Waterbury in Motion
Working with Vermont Deputy Secretary of Transportation Sue Minter, LEAP continues to coordinate a group of dozens of local volunteers who wish to create a safe, accessible, active bike and pedestrian system in Waterbury and connecting Waterbury to neighboring towns. This group is now known as Waterbury in Motion (WIM) and is creating a master plan for this multi-year effort. In February WIM conducted an online survey of bike/pedestrian preferences and patterns of local residents and employees that received more than 350 responses, and on April 27 it held a Waterbury Bike/Ped Planning Session at more than 50 locals provided detailed input and ideas, and prioritized different options. WIM plans other local events in 2011 including another Waterbury Bike, Walk & Breakfast, and will undertake its first hands-on bike/ped project shortly.
5th LEAP Energy Fair
On Saturday, April 9 from 9 AM to 1 PM the 5th LEAP Energy Fair took place at the Crossett Brook Middle School gym in Duxbury, VT. This year’s event was by far the largest and most successful ever with 65 exhibitors and more than 500 attendees, both representing a 50% increase over 2010! The fair was free and offered attendees the opportunity to tour displays and talk with dozens of experts about solar power, wind power, pellet stoves, geothermal, biomass, green building, carpooling, home energy audits, and many other topics. LEAP was delighted to have the Waterbury Farmer’s Market join the event for the first time. Many people enjoyed informative breakout sessions, and the LEAP Energy Fair was attended by many Vermont politicians including Governor Peter Shumlin and Senator Bernie Sanders. Senator Sanders was very pleased to give the LEAP Green Community Award to the Prodigy Red Team from Crossett Brook Middle School for their school lighting retrofit project (see below).
School and Ice Center Lighting Retrofit Projects
In 2010 a team of students at Crossett Brook Middle School conducted a research project and proposed specific steps the school could take to replace older, less efficient lighting with more energy-efficient technology. Students from CBMS Prodigy Red Team presented their recommendations to the Waterbury-Duxbury School Board and the plan was unanimously accepted. At the same time, with support from LEAP, the Ice Center in Waterbury conducted a lighting review and came up with a plan to conduct a similar retrofit. LEAP then wrote an application to the Vermont Climate Energy Action Network (VECAN) and was awarded a grant of $3,000 to support these two initiatives. LEAP decided to match that grant with an additional $1,500. These projects will receive other forms support, and the lighting retrofits have already begun. When they are complete they will save Waterbury roughly $10,000 in energy costs annually!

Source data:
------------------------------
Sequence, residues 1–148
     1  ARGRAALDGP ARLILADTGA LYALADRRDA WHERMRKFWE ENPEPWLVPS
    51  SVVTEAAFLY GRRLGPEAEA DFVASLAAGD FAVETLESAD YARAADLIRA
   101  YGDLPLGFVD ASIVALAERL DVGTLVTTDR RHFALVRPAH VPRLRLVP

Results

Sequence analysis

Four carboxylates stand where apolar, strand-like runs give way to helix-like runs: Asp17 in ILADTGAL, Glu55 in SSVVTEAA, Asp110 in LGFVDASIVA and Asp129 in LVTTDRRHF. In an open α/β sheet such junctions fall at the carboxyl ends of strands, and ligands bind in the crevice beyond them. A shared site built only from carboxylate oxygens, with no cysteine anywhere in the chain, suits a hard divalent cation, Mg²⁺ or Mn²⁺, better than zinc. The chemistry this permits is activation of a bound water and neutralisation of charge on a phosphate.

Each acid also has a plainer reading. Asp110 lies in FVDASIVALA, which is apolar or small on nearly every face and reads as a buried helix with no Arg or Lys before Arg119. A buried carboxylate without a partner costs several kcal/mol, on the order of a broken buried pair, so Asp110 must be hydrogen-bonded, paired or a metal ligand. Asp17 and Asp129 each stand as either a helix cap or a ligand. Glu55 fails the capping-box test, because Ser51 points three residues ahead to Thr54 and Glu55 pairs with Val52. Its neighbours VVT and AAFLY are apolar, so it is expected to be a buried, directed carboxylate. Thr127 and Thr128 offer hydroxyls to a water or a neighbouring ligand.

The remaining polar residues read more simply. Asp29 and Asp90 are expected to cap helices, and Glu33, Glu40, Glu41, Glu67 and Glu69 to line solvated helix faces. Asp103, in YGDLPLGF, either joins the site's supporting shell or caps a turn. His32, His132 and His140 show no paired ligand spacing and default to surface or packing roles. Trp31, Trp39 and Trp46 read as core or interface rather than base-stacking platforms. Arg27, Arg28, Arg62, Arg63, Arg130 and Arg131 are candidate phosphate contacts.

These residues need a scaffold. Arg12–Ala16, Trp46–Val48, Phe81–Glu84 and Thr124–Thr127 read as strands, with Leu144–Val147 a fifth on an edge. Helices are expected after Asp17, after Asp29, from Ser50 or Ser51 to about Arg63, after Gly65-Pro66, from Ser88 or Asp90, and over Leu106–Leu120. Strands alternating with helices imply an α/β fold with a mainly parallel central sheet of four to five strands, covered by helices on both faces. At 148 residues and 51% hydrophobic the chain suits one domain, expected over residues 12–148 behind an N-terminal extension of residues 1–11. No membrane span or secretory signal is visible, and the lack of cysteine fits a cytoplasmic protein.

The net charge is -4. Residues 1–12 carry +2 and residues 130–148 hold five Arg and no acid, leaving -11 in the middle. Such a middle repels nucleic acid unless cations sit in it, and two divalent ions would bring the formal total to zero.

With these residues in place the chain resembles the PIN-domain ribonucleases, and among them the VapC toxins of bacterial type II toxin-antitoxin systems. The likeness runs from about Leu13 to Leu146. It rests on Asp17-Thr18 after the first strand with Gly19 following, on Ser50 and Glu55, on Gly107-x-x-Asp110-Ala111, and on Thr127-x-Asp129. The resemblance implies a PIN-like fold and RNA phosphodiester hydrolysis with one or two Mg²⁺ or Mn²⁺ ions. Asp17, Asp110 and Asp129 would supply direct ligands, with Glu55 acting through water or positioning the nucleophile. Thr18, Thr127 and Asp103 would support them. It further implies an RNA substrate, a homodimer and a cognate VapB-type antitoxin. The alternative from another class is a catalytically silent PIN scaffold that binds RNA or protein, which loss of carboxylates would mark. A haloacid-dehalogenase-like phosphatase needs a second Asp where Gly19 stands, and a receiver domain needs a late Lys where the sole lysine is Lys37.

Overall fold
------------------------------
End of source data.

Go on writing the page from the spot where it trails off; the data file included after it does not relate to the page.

LEAP worked with teachers at Crossett Brook Middle School and Thatcher Brook Primary School to help their students learn about renewable energy and the solar arrays that LEAP helped place on the two schools in 2010. Both schools also held Solar Days for all their students.
2nd and 3rd Bike, Walk & Breakfast
In 2011 Waterbury in Motion and LEAP hosted our 2nd and 3rd Bike, Walk & Breakfast events (June 5 & September 25) for a total of almost 200 participants. Adults, children, and dogs met at Rusty Parker Park at 8:00 AM. One group headed off on an easy 5-mile, family-friendly bike ride, and another group took a leisurely 2-mile walk (including baby-strollers). At 9 :00 AM everyone returned to the Rusty Parker Park gazebo for a delicious free breakfast provided by Waterbury in Motion.
Waterbury in Motion Trail Project
Thanks to a grant from Green Mountain Coffee Roasters, Waterbury in Motion began working on its first trail project. WiM volunteers, with help from Cross Vermont Trails, are improving and extending the trail that runs behind the Waterbury State Complex. The upgrade included three volunteer work days in 2011 and it will be completed by summer, 2012.
LEAP continued identifying verifiable measures to allow us to track our town’s progress across a number of criteria and to create a town-wide energy inventory. The matrix LEAP developed thanks to Jamie Ervin will be refined and then provided to town energy committees across the state.
CLiF worked with local Crossett Brook Middle School students to obtain a grant to acquire some TED energy monitors, and then helped circulate the monitors among local businesses and schools to allow people become more aware of their energy consumption and help them make their buildings more energy efficient.